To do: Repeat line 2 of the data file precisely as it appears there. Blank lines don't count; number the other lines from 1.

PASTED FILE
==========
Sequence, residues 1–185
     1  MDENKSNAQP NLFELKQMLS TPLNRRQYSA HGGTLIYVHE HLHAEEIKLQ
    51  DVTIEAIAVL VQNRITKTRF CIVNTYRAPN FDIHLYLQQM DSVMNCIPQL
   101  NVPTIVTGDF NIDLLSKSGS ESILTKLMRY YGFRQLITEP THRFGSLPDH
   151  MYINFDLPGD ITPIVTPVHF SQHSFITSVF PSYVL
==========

     1  MDENKSNAQP NLFELKQMLS TPLNRRQYSA HGGTLIYVHE HLHAEEIKLQ